New traffic laws take effect Sunday
Aug. 31, 2013 at 3:31 a.m.
Other new laws:
• HB 1174 increases the minimum fines for the misdemeanor offense of passing a stopped school bus loading or unloading children. The minimum fine increases from $200 to $500, and the maximum fine for such an offense increases from $1,000 to $1,250.
The bill also enhances the penalty for a second or subsequent conviction of that offense committed within five years to a misdemeanor punishable by a minimum fine of $1,000 and a maximum fine of $2,000.
• SB 275 increases the penalty for leaving the scene of an accident resulting in the death of a person and failing to render aid from a third-degree felony to a second-degree felony. A second-degree felony carries a punishment of two to 20 years in prison and an optional fine not to exceed $10,000, whereas a third-degree felony carries a penalty of two to 10 years in prison and an optional fine not to exceed $10,000.
• HB 1284 increases the penalty for the offense of initiating, communicating or circulating a false report of an emergency (such as a bomb threat) involving an institution of higher education from a Class A misdemeanor to a state jail felony. Effective immediately.
SOURCE: THE DEPARTMENT OF PUBLIC SAFETY
The legislature paid special attention to school zones this year as new traffic laws go into effect Sunday.
The Department of Public Safety asserted House Bill 347 was one of many passed to keep a mobile Lone Star state safe.
HB 347 expands the ban of cellphone use in active school zones to include the elementary, middle, junior or high schools' parking lot, Trooper Gerald Bryant said.
It would not apply if your vehicle is stopped or if the driver is using a hands-free device or calling 911, he said.
Both Victoria West and East high schools, which are situated along highways, do not have school zones, just reduced speed limits, he said.
"But if you turn off Mockingbird (near East High School), they would have to get off the cellphone," he said.
Drivers also won't get much of a warning, as the signs that post the fines one could face will come down.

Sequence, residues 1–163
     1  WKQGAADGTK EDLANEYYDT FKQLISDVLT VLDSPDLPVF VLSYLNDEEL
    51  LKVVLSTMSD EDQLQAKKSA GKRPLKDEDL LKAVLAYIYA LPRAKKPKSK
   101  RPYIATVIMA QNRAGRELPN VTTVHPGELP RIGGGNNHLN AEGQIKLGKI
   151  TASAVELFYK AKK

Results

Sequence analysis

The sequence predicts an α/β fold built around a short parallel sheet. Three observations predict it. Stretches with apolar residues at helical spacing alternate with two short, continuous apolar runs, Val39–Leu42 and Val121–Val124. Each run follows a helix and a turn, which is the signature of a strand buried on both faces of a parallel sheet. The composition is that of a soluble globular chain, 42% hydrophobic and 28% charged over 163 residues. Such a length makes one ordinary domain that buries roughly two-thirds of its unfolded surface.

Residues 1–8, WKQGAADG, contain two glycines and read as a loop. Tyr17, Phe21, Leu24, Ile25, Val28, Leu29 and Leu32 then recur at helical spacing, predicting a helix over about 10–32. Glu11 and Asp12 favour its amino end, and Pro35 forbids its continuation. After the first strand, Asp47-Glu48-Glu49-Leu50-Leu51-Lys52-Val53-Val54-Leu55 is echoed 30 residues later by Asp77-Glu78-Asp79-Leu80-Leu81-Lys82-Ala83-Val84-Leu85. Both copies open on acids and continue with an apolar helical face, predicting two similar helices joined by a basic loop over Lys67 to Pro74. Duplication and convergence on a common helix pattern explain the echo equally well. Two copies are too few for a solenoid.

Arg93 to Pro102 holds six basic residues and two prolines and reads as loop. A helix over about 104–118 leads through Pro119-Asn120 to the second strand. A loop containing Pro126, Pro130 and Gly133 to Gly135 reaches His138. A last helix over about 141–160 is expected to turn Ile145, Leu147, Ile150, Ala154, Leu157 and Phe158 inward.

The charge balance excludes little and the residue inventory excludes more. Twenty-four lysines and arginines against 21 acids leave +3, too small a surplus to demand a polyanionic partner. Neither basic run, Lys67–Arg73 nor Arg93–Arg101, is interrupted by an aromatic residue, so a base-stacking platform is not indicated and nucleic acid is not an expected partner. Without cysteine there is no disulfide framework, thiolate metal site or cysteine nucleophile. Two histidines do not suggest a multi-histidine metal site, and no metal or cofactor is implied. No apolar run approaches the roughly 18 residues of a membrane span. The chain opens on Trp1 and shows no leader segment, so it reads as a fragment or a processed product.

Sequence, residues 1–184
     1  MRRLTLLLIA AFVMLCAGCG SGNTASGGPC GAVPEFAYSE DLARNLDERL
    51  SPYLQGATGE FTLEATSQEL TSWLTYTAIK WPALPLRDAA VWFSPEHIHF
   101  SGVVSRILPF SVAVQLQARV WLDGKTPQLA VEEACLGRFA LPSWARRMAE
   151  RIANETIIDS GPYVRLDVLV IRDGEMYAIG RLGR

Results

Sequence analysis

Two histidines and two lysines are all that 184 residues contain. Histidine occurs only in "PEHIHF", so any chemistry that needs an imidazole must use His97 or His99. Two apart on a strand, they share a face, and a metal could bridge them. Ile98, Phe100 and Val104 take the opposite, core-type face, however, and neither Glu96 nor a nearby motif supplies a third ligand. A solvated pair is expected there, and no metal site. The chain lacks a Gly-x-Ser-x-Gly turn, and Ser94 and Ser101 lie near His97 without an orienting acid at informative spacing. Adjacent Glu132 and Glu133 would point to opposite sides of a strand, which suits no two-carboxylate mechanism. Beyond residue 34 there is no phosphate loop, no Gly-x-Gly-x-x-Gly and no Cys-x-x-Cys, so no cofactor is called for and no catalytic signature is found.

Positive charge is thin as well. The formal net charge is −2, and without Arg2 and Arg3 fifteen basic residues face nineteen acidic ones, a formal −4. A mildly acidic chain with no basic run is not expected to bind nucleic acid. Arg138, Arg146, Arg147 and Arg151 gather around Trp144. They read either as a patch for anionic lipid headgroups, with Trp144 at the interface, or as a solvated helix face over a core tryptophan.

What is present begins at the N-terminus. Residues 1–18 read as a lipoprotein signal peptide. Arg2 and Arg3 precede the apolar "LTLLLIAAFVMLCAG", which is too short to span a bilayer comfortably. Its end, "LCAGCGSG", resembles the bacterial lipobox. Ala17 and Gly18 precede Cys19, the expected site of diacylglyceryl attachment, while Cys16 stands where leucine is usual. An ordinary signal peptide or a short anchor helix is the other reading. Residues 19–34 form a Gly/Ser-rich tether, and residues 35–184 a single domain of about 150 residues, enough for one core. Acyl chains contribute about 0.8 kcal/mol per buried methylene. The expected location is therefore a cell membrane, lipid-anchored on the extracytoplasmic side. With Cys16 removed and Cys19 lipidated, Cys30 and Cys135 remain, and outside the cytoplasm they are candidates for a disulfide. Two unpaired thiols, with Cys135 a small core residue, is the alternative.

Bryant suspected that was because cellphone prohibition in school zones passed two years ago.
"We really need to be looking out for the protection of our children," he said.
Violators face a Class C misdemeanor with a fine of up to $200 plus court costs.
The legislature also approved motorists using their smartphones to show proof of insurance.
With Senate Bill 181, drivers can display their proof of insurance via a cellphone. Bryant suggested drivers take a picture of their physical insurance card. That way, troopers can verify the information, such as what vehicle or driver it covers and its expiration date.
Bryant also noted Senate Bill 510, which requires drivers to move over or slow down when approaching a Texas Department of Transportation vehicle with its lights activated.
Violating that law is punishable by a fine of up to $200, punishable by a fine of $500 if property damage occurs or considered a Class B misdemeanor if the violation results in bodily damage.
"We really urge that if you have any vehicle stopped on the side of the road that you definitely slow down or attempt to slow down or change lanes for them," Bryant said. "Even though the law does not require it, you never know what could happen."
Johnny Sciacca, the owner and director of Victoria Educational Associations, a driving school that opened in 1991, was preparing Friday to teach 50 teenagers.
The legislature's decision to increase the number of hours his students must drive with a beginner's permit from 34 to 44 was a good one, he said.
But Sciacca is still waiting to see how the state will implement a mandate that schools such as his give the official driving test.
He thinks HB 347 is the latest attempt to get as close as possible to no texting while driving, which most lawmakers failed to get passed.
"I've been doing some research, and some manufacturers have technology where the car would not let the cellphones receive and send text messages if the car is moving more than 10 mph," Sciacca said. "That would be one of the most effective ways to control it."